First published on The Huffington Post here.
On March 29th of 2013, an affable, well-liked, and kind young man succumbed to depression and took his own life. His passing was a significant event in the lives of many who knew him, and a poignant reminder of a national epidemic. For one of his closest childhood friends, the event was a catalyst for change. To combat the national scourge of depression that had taken one of his closest friends, Bryan Derrickson did what he knew how to do. He started a company.
The entrepreneur is somewhat of an enigma to the layperson. They are often seen as energetic, dynamic, creative leaders. Think Steve Jobs (Apple), Jeff Bezos (Amazon), or any of a variety of individuals whose capitalist ventures have changed the lives of countless millions. On the most inclusive of levels, the entrepreneur is an individual who employs an innovative variety of inputs (materials, people, software, etc.) in order to produce a desired output. Key to the process is an innovative vision, and access to the inputs needed to implement that vision.
The classical definition of the genus includes those who harness their talents to “charge hard for profit.” Those who build organizations to make money are the easiest entrepreneurs to spot, and among the most visible business people in pop culture today. This being said, these titans of innovation are not the whole story. In fact, it’s not even the local entrepreneur who will likely affect your life in the most profound of ways. It is rather a new breed of socially conscious, young, talented individuals who are changing the world, and the way we view our places in it.
The concept of the social entrepreneur is relatively new in the public consciousness, although the individual has been studied by academics for quite some time. They are an oddity in that they don’t employ their passion and talent to primarily drive a bottom line. They are, instead, more concerned with making good than making money. The Social Entrepreneur focuses on a more distributed bottom line, one that improves their community, their country, or even their world. Whether they start a capital-seeking or nonprofit company is far less important to identifying their breed than their motivation. The Social Entrepreneur is in it to make the lives of people in your community better, and chances are, they have.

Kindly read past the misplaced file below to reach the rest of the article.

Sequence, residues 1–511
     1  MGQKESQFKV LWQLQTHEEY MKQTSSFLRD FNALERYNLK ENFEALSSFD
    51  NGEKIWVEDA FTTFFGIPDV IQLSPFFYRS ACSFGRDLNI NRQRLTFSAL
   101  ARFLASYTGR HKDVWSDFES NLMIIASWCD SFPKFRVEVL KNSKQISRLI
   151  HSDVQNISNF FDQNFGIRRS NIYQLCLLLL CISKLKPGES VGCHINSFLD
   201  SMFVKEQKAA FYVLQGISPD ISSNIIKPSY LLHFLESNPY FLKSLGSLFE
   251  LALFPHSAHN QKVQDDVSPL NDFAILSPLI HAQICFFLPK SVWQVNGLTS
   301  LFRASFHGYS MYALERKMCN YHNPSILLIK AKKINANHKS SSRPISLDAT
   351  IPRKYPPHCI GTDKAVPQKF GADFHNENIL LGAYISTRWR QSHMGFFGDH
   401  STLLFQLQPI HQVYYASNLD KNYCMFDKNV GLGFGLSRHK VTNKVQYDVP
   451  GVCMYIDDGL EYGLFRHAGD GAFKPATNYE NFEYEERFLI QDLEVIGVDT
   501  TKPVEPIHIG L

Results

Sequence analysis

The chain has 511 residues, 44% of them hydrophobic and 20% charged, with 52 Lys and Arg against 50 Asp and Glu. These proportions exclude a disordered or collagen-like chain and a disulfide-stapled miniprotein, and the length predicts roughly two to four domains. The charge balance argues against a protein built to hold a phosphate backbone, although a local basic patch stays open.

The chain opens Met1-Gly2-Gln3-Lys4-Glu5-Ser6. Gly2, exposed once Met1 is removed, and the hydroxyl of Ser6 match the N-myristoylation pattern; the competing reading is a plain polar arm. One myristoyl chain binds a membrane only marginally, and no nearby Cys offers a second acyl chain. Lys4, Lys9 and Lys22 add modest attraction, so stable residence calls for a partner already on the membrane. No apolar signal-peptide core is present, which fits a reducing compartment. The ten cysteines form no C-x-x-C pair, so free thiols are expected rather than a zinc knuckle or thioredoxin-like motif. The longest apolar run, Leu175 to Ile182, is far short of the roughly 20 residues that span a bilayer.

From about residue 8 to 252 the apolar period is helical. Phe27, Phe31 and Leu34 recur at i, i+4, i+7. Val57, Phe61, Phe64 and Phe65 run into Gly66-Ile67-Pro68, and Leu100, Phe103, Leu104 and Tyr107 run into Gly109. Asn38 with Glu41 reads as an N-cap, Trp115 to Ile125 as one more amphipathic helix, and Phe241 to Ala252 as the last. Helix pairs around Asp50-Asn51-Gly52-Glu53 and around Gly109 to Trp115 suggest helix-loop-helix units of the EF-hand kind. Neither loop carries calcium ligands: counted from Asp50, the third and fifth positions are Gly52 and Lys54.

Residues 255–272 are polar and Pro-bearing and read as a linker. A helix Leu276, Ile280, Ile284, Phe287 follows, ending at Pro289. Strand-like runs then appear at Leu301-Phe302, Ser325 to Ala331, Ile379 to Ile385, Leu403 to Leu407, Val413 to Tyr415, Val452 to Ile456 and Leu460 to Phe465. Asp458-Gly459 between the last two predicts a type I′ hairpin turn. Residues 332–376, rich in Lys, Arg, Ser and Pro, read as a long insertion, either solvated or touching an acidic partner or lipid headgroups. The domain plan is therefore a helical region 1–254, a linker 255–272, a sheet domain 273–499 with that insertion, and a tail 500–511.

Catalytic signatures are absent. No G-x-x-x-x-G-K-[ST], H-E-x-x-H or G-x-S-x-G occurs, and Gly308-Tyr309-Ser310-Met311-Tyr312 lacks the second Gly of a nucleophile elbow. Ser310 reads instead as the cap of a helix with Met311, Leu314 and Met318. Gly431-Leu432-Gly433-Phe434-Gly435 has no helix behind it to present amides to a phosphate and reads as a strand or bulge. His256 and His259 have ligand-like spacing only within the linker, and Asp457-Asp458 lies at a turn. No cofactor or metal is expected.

In the wake of his friend’s suicide, Derrickson struggled to find meaning. He focused his energy and business experience on the launch and growth of a company designed to bring awareness to what he saw as a national depression epidemic, and to do what he could to curb suicides, the number two killer of youths between the ages of 15 and 24. He isn’t a psychologist or a social worker, but rather a member of the new breed of social entrepreneurs. BDVibez was developed as a method of spreading good vibes and bringing awareness to the depression epidemic… through hats. The company sells retro-fashion hats that come with a strong message (BD stands for Beat Depression, not the founder’s initials). For each hat sold, two dollars is donated to the Department of Counseling at the College of Charleston in an effort to support the next generation of mental healthcare providers. Referring to his motivation for the launch of the Charleston, South Carolina based company, Derrickson has said, “The company will never make anybody rich, but it will help make us better.”
The founder of BDVibez is not alone. Derrickson is one of thousands of those in our communities who have harnessed their entrepreneurial talents to pursue the distributed bottom line that helps us all. The true ingenuity of the social entrepreneur is that they give us methods of affecting change that don’t involve donations. Want to make a difference? Buy a hat.
If you — or someone you know — need help, please call 1-800-273-8255 for theNational Suicide Prevention Lifeline. If you are outside of the U.S., please visit the International Association for Suicide Prevention for a database of international resources.
Written by Eric Korn.